Concert Review: Mahler Symphony No. 7 – Singapore Symphony Orchestra, Lan Shui 6 Jan 2018
Mahler Symphony No. 7 in e minor
Singapore Symphony Orchestra
Lan Shui, conductor
Esplanade Concert Hall, Esplanade Theatres on the Bay
6 Jan 2018
Review by Derek Lim
‘The symphony must be like the world – it must contain everything,’ said Mahler famously to Sibelius, who himself strove for ever-increasing concision and concentration. But Mahler’s symphonies have their own rigorous logic, which conductors ignore at their peril. Miss the overarching structure of the work and the performance will fall flat. But what is the narrative in Mahler’s seventh symphony – frequently felt to be his must elusive?
In his third performance of this symphony with the SSO, Lan Shui’s approach was to treat it as concerto for orchestra and to let the orchestra’s committed playing shine through.
Despite a tentative, expansive start which lurched from episode to episode, the SSO found its bearings in the eye of the hurricane (‘Ziemlich ruhig’), which was utterly magical, discovering heartbreakingly ravishing colours and emerging settled and confident after. As if improvising, Shui stretched out the stratospheric string passages that followed, broadening it progressively until the opening march’s return. Elsewhere, virtuosity was the order of the day, with brilliant contributions from horns, trombones, percussion and just about everyone else, capturing majesty and mystery in Mahler’s depiction of Nature, as well as sparkle and swagger in its orgiastic closing passages.
Shui’s approach to the three middle movements (effectively a trio of night-music pieces) couldn’t have been more different. As if rejecting the neuroses of the sixth symphony that spilt into the seventh, his readings were firmly Classical. He made them feel like ephemeral, nocturnal visions, rather than heavy tableaux. It was all surprisingly restrained, and all the more effective for it.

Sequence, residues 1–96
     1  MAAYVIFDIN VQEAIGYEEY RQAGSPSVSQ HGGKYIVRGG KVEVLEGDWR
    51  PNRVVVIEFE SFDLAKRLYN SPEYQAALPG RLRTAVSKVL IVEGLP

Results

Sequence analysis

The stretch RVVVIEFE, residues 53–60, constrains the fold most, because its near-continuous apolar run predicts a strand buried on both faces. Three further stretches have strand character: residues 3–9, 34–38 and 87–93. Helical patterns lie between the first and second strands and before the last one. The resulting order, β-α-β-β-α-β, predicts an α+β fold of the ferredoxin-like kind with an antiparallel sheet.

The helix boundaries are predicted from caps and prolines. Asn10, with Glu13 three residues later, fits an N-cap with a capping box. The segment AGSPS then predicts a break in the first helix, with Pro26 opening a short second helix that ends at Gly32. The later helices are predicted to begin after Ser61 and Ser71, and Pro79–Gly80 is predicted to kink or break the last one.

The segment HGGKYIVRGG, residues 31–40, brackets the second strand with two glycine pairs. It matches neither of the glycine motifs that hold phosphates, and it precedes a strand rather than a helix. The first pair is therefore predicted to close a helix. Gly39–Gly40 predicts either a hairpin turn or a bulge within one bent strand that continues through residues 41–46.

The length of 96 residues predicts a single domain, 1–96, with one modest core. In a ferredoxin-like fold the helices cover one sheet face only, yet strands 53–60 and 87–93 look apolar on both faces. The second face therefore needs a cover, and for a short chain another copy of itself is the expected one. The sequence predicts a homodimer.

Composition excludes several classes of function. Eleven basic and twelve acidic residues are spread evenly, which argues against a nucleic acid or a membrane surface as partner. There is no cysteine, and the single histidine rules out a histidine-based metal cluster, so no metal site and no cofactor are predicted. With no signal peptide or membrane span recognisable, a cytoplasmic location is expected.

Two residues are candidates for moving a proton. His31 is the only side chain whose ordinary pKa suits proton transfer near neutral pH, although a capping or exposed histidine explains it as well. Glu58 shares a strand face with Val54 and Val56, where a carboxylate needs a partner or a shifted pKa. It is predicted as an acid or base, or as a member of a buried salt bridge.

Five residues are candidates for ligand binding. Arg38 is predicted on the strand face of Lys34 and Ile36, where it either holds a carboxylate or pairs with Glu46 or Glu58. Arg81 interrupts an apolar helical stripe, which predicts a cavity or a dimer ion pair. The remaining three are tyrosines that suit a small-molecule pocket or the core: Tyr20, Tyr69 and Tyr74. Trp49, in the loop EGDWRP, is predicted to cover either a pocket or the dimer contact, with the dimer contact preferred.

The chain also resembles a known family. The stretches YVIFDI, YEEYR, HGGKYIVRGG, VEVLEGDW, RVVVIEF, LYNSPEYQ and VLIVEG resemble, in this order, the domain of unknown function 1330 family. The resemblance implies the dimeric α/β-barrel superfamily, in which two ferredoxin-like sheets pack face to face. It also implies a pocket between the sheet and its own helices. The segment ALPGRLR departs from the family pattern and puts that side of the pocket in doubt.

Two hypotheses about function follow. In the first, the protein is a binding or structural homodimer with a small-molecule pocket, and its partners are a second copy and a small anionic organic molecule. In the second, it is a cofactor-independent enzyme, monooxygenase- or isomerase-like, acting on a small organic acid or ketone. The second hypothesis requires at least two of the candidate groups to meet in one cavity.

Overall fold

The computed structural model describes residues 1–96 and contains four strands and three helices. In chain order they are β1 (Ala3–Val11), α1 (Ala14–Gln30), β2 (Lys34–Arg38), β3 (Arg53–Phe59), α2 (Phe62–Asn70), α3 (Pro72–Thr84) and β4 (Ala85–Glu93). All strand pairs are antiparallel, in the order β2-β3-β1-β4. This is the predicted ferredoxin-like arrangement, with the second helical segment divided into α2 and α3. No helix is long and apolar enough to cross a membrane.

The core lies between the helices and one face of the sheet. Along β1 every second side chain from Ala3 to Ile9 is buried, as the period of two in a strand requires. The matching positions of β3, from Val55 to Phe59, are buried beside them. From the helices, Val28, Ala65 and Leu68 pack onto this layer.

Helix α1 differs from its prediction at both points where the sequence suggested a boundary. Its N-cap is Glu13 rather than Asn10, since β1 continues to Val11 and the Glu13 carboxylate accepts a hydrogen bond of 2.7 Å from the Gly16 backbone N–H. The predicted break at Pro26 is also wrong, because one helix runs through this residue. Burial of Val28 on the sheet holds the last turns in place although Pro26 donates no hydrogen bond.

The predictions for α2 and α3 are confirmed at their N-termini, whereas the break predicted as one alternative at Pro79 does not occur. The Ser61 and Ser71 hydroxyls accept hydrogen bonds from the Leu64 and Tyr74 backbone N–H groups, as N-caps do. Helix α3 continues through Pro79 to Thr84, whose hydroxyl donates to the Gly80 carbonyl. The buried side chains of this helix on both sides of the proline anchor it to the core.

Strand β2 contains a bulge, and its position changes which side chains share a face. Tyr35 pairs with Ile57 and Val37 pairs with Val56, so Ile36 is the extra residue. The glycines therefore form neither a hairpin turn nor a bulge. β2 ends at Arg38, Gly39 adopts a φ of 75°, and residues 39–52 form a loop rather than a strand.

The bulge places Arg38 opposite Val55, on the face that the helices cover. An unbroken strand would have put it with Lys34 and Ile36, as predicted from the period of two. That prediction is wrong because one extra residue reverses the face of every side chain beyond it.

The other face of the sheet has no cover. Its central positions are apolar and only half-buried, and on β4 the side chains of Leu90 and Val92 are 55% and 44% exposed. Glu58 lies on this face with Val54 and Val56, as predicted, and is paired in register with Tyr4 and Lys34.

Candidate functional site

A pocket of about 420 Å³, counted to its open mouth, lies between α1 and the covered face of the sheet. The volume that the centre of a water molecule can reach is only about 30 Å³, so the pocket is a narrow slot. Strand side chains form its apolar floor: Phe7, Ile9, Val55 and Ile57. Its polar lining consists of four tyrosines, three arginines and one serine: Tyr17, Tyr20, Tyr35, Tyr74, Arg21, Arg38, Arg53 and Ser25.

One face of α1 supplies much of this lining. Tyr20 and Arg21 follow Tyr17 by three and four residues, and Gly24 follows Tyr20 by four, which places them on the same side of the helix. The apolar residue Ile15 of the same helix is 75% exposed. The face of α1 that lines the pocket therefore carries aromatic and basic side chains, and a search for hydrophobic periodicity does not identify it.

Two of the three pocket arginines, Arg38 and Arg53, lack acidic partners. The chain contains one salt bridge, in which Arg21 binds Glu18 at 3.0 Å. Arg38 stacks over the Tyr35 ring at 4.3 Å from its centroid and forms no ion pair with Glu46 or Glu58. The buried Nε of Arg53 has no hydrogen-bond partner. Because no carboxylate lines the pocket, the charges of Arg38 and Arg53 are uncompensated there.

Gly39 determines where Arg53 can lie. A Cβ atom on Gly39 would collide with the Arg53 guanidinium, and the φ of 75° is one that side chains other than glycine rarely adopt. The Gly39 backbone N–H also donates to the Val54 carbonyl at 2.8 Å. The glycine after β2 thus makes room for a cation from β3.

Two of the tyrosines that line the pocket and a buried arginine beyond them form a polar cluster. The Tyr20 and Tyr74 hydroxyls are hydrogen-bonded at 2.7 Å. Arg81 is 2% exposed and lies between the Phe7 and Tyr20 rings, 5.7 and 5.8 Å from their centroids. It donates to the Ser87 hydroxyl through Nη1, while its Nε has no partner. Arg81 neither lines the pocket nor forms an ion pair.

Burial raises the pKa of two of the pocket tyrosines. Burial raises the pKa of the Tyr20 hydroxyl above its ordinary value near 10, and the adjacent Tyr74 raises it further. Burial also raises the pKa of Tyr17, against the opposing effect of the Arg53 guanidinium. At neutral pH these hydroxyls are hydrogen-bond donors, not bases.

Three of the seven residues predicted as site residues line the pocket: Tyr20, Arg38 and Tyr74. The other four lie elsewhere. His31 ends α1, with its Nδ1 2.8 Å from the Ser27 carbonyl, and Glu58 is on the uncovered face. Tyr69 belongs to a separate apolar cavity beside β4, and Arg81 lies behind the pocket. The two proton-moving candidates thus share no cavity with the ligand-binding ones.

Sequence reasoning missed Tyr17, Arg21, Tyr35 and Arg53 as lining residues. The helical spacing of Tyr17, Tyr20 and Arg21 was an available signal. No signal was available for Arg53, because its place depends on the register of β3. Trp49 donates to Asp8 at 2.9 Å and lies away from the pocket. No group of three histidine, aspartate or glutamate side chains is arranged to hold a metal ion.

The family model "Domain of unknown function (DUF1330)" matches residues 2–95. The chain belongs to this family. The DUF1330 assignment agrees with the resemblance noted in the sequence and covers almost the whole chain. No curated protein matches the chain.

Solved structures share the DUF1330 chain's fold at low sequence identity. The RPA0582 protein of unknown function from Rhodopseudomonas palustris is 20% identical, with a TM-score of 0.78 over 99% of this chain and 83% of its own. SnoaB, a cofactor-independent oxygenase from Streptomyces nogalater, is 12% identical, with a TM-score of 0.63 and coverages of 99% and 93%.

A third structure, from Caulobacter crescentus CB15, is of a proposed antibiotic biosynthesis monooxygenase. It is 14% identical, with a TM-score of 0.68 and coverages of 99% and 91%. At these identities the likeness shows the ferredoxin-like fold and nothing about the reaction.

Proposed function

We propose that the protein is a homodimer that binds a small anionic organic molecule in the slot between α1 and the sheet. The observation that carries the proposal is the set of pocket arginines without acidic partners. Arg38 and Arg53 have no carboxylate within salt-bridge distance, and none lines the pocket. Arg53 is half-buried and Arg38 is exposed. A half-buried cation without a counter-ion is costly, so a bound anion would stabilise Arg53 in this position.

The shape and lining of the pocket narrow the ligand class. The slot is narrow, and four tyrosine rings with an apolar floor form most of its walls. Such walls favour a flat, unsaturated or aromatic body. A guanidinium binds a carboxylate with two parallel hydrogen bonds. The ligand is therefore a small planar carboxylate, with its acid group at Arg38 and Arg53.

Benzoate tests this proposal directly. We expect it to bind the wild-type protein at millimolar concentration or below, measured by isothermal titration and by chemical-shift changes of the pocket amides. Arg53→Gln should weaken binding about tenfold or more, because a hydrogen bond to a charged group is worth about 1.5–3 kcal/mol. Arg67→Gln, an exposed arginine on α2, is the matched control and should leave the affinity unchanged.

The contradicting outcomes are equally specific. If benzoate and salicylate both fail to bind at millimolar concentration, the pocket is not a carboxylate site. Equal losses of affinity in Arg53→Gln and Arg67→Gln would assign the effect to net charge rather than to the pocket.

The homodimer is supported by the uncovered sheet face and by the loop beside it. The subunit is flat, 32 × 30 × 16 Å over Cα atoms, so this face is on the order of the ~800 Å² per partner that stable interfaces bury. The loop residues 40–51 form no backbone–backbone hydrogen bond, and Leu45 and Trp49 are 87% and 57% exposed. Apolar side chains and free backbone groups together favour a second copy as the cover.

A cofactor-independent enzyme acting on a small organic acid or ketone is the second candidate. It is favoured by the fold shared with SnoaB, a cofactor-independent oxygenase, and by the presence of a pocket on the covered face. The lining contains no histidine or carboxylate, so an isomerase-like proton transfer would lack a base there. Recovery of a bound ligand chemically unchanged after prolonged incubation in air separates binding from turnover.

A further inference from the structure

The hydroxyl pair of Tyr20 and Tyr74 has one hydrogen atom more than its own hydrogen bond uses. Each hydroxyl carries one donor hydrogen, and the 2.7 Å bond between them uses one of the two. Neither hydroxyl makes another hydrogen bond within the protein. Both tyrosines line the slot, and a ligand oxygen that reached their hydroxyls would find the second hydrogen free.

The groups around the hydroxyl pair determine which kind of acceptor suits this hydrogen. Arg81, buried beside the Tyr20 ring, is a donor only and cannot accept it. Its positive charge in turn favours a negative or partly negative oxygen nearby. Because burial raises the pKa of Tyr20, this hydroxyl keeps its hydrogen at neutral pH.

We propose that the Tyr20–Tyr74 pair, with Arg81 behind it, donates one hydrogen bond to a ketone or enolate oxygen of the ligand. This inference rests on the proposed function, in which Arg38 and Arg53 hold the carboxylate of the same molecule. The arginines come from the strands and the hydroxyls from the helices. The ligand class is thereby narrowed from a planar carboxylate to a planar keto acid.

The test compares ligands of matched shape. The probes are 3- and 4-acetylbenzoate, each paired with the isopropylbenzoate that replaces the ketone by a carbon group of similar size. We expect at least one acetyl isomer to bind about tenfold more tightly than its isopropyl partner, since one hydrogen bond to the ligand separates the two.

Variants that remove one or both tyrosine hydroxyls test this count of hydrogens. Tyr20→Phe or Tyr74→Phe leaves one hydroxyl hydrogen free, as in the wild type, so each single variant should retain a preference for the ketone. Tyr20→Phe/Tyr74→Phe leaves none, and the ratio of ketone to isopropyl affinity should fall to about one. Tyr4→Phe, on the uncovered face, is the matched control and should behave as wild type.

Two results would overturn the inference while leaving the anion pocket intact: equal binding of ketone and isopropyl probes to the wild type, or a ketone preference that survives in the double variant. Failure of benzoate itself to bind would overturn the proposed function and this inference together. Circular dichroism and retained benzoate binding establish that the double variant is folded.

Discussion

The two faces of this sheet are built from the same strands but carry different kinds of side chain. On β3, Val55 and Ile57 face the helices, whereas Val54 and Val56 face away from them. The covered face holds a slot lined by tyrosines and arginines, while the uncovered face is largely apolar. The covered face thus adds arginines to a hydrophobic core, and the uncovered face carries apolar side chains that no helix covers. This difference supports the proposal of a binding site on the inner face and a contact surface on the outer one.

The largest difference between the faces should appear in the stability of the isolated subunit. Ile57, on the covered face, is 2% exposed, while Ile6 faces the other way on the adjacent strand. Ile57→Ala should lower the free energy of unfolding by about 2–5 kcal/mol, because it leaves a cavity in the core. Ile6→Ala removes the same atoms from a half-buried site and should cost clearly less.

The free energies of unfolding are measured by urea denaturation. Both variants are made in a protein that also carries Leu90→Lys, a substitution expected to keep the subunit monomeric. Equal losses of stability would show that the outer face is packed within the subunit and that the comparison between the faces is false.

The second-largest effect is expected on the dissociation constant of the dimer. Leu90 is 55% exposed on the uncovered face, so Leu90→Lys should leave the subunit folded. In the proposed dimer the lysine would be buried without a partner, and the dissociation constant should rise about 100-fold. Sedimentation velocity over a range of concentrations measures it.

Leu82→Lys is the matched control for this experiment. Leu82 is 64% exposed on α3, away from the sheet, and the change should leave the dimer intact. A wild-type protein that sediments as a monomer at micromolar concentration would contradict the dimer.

The first Nachtmusik was charmingly played after the opening bird call passages, allowing the musicians to play their avian exchanges sans conductor, only stepping in to lead the buildup to the romantic main theme. Here, he found humour in its jaunty marches, with the cowbell episodes evoking a lonely Alpine landscape in contrast.
The witches of the Scherzo were likewise glamourous creatures of the night, dressed in flowing evening dress and high heels, not in the least frightening, with rapturous playing from Zhang Manchin’s viola (she’s due to play the Walton on 26 Jan) balm to my ears.
The second Nachtmusik can sometimes feel like a tear-laden affair, but the troubadours with their tinkling mandolin and strummed guitar (played by Stephen Lalor and Gregory Pikler respectively), together with Shui’s brisk tempo, kept this light-hearted, the evening’s air ripe with potential.
The change from night to day in the last movement has often been criticised but Mahler’s gradual lightening of mood from the darkness of the first movement makes the Finale’s blaze of sunshine (in C major, no less) an inevitability. I don’t buy the quasi-Shostakovich sardonicism that some conductors bring to this movement – Mahler himself described the symphony as cheerful, so why second-guess him? As if Mahler was always slit-wrist gloomy!
Christian Schiøler led the charge with heroic timpani work, straight into the brilliantly played Rondo chorale theme on the brass, taken at breakneck speed. This complex movement can be challenging to bring off at the best of times, but Shui kept everything humming along nicely through the multiple transitions, the orchestra mustering its resources at the end of a tiring evening to bring its A game, with lots of Viennese charm and instrumental colour. Particularly effective were the mid-movement collapse, with the themes falling apart, and Turkish march segment. Tempos were often brought to impossible speeds, but everyone rose to the occasion with vitality – leading up to the final passages, where Shui took Mahler’s a tempo marking at face value after the huge ritardando, delivering an injection of energy that brought this symphony to its riotous conclusion. What a way to kick off 2018!
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